Georgia Congressman and civil right icon John Lewis
When he was part of the Atlanta City Council, Georgia Congressman and civil right icon John Lewis, who died July 17, was part of what became the largest freeway revolt in the city's history.
Highway traffic in Atlanta is infamous and the number of cars and trucks that traverse them each day is legendary.
But to be honest, there could have been even more. Had all the freeways that were originally planned for the inner part of Atlanta been constructed, the freeway traffic inside the city could have included much more traffic than we see today.
In the early years of the development of the interstate highway system, several different alignments were discussed regarding the placement of Atlanta freeways inside what is now Interstate 285.
One of those proposals included the development and construction of an eight-to-10-lane-wide freeway running parallel to and about 3 mi. east of today's Downtown Connector. This highway — which would have been called Interstate 485 — would have run from the current south end of Georgia 400 southward to connect with the northern end of I-675, south of Atlanta.
That interstate would have intersected with a second freeway — a continuation of the Stone Mountain Freeway, which would have run from downtown Atlanta and connected to the existing Stone Mountain Freeway east of Decatur.
Through multiple alignments and multiple citizens' revolts, the highway configurations and routings were changed over more than a decade.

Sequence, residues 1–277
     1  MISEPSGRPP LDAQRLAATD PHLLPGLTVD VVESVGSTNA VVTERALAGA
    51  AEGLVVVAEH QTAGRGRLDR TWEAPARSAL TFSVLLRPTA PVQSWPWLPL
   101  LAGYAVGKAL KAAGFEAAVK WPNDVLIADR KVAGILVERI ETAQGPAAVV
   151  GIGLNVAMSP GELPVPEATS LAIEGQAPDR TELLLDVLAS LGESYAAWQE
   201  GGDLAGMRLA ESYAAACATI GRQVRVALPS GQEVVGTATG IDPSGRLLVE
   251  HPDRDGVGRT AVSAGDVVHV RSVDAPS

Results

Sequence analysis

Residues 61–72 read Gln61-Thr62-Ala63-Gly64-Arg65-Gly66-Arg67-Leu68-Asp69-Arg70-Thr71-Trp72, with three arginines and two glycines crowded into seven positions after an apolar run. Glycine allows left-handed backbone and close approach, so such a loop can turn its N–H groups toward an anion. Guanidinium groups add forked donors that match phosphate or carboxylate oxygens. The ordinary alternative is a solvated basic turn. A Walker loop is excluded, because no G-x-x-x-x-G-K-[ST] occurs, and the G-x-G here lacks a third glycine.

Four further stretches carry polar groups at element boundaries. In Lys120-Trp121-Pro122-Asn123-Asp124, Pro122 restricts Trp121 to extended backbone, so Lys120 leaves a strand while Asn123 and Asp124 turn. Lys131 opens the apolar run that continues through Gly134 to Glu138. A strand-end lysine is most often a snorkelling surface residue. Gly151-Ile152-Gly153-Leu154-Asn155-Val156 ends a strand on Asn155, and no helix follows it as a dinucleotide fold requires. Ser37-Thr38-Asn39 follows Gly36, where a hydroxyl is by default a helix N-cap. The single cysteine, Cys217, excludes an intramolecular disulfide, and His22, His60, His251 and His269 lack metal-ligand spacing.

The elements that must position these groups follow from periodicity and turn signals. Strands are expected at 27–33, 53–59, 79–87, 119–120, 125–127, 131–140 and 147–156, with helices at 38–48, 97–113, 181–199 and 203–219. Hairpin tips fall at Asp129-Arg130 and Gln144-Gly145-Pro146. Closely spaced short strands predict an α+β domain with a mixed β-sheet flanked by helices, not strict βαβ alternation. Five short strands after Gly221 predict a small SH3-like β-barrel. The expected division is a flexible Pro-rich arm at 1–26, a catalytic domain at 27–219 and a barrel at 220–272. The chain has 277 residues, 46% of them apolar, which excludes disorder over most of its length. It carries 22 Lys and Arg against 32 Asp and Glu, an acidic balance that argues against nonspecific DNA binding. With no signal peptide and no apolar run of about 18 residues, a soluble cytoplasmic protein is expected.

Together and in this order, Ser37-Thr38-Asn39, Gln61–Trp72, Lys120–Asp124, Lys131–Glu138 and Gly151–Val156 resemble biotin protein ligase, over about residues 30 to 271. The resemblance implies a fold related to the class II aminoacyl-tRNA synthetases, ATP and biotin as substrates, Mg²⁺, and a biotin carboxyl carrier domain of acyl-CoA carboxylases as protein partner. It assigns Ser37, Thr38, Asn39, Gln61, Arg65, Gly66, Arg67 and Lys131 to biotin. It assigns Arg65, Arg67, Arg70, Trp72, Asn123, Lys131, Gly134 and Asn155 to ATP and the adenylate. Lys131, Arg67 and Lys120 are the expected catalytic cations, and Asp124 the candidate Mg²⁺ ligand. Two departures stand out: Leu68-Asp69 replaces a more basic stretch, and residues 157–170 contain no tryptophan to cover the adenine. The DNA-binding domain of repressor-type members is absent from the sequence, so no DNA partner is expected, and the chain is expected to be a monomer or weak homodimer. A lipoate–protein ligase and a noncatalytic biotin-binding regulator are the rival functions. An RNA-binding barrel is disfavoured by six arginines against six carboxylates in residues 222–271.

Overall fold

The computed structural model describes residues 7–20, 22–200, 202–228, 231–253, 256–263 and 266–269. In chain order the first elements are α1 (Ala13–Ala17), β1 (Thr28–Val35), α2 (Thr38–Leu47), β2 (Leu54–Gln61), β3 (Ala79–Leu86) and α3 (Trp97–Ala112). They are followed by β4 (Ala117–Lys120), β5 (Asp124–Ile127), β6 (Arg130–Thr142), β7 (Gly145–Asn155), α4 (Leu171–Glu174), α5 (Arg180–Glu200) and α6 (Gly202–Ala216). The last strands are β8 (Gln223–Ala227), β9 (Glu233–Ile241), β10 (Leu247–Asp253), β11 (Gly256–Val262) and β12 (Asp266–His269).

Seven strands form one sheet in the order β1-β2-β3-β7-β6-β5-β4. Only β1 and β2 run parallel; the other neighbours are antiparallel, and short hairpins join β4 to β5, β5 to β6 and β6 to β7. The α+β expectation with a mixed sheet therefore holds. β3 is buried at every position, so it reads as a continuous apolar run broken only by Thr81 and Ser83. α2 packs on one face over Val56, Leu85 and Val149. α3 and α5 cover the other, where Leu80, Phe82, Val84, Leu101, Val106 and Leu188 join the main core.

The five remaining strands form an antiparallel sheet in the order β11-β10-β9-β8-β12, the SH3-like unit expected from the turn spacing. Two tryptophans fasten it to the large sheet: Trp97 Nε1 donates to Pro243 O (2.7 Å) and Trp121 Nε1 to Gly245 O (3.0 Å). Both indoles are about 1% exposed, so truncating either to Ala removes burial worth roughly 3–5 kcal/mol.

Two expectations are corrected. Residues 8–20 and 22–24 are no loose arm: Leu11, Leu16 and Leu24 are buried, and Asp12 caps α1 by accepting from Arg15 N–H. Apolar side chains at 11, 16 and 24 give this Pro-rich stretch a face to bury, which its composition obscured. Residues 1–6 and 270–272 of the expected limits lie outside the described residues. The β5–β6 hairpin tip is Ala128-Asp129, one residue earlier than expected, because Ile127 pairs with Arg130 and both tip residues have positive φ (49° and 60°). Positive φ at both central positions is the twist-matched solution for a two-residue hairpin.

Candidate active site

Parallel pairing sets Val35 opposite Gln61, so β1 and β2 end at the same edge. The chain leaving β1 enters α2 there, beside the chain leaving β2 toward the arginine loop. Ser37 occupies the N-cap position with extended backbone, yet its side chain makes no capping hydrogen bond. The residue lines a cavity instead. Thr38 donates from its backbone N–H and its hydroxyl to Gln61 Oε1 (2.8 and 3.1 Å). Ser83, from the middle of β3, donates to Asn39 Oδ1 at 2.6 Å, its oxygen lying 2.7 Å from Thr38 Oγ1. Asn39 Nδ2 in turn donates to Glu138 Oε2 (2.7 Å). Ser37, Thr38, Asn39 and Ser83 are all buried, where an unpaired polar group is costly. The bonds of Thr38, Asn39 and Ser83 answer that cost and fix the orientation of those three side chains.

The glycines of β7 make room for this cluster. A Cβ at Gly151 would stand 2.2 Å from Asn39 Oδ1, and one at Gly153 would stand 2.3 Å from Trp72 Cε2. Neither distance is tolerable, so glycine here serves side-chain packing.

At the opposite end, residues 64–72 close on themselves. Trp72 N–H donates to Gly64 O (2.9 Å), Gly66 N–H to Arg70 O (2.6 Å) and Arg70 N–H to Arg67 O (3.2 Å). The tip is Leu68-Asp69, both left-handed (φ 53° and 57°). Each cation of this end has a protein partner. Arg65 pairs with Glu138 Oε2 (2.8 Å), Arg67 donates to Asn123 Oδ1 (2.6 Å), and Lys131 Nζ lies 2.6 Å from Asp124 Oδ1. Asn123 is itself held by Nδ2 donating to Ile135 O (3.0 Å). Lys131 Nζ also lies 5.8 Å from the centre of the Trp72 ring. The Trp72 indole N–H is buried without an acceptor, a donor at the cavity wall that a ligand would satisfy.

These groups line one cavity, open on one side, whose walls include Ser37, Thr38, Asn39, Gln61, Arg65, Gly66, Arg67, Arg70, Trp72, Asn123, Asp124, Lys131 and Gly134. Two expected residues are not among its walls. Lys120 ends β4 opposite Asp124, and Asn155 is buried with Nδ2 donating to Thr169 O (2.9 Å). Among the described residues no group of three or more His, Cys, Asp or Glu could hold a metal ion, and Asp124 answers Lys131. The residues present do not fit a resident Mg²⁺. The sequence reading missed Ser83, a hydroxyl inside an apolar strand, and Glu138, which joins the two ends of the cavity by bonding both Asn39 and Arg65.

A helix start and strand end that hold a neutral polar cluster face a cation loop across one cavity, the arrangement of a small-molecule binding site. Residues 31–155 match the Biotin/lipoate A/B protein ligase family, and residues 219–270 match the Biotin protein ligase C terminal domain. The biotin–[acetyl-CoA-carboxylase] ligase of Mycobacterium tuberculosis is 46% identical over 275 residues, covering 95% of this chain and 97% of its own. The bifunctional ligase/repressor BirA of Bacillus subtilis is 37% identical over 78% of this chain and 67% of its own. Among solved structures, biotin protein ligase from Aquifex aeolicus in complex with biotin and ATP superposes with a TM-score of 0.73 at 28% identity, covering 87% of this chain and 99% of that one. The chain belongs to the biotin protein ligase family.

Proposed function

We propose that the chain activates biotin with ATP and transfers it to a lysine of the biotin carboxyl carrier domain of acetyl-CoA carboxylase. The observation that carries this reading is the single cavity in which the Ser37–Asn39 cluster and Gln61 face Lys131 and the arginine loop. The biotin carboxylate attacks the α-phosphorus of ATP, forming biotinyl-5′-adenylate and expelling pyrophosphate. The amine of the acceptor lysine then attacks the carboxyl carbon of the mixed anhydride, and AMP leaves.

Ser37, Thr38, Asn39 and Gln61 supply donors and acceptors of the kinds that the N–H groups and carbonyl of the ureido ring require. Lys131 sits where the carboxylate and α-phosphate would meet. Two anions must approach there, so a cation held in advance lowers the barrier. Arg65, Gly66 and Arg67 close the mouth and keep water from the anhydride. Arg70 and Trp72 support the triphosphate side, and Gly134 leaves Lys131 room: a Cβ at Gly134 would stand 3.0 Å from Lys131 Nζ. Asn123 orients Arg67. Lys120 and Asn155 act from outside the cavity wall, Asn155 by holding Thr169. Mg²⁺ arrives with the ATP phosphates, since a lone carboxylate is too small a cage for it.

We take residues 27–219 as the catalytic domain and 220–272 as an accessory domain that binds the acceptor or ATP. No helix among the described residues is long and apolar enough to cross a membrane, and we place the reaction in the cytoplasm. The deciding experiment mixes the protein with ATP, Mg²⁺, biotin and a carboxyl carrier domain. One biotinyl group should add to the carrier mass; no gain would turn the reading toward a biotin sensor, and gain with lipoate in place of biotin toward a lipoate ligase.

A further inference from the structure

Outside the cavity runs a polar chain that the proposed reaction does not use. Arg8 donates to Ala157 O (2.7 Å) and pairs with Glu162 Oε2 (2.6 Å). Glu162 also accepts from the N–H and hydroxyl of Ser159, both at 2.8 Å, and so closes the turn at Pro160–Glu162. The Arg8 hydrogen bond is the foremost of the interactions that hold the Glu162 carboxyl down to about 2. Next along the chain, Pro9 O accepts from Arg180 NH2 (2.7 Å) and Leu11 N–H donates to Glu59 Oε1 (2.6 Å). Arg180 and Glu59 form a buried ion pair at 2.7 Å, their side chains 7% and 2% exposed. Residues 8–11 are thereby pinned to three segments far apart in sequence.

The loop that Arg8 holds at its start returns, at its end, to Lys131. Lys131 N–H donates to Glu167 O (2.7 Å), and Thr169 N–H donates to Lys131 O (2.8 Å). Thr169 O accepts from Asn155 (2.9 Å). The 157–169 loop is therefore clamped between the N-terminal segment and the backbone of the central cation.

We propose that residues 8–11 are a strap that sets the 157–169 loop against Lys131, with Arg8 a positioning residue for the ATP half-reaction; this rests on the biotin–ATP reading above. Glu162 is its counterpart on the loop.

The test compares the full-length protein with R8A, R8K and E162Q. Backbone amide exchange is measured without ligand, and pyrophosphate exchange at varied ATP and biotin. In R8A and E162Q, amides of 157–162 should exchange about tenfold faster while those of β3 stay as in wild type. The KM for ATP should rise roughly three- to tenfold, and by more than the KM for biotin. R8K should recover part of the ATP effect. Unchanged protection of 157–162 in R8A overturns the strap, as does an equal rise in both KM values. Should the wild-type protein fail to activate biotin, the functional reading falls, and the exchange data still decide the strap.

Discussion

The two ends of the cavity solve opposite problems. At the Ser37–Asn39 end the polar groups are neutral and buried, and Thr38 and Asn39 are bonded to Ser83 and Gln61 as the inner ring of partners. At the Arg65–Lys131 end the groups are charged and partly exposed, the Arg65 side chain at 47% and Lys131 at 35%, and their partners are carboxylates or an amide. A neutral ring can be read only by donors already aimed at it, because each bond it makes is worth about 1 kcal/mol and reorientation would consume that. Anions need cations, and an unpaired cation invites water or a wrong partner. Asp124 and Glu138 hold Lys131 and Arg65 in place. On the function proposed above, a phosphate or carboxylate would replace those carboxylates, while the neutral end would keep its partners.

During the early 1980s, while Andrew Young was Atlanta's mayor, Lewis was a member of the city council.
"He had made a commitment against roads. No new roads," Young told WXIA while remembering the life of Lewis. "He had given his word to his constituents. He said he would not vote for roads. He knew that we needed Georgia 400. He knew that we needed Presidential Parkway."
The two new highways would have intersected just east of downtown Atlanta.
"It gave me great pleasure to put his name on one of the roads that he voted against," Young said.
The land that had been cleared for the massive freeway stack exit complex today houses the non-profit Carter Center, named for former U.S. President Jimmy Carter. The roadway opened in the 1990s as Freedom Parkway, before being rededicated to the life and legacy of Lewis in 2018.
In 2020, the John Lewis Freedom Parkway gently winds from the Carter Center westward toward downtown Atlanta, and slightly northward a few blocks to end at Ponce de Leon Avenue. A smaller spur drive of the parkway runs eastward to Moreland Avenue.
Among several sculptures that sit upon the roadway is a 2005 piece by the late Alabama artist Thornton Dial titled "The Bridge."
Using mixed media, Dial created a bridge-like structure representing Lewis' lifetime of work geared toward advancing civil and human rights. The sculpture ties Lewis' work to the efforts of the neighborhoods in that area who fought to prevent the demolition of homes and businesses for construction of what would have been Interstate 485. "The Bridge" is located at the corner of Lewis's namesake roadway and Ponce de Leon Avenue.
In the end, the John Lewis Freedom Parkway is a far cry from the eight lanes of screaming freeway traffic that would have otherwise passed through the corridor.
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